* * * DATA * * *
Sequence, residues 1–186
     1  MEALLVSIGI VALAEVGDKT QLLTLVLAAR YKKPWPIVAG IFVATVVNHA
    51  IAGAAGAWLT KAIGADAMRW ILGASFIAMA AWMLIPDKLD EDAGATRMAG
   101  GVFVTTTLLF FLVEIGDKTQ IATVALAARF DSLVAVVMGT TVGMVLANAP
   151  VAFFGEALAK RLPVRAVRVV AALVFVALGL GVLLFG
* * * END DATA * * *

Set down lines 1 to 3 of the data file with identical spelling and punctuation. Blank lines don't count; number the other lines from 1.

Sequence, residues 1–186
     1  MEALLVSIGI VALAEVGDKT QLLTLVLAAR YKKPWPIVAG IFVATVVNHA
    51  IAGAAGAWLT KAIGADAMRW ILGASFIAMA AWMLIPDKLD EDAGATRMAG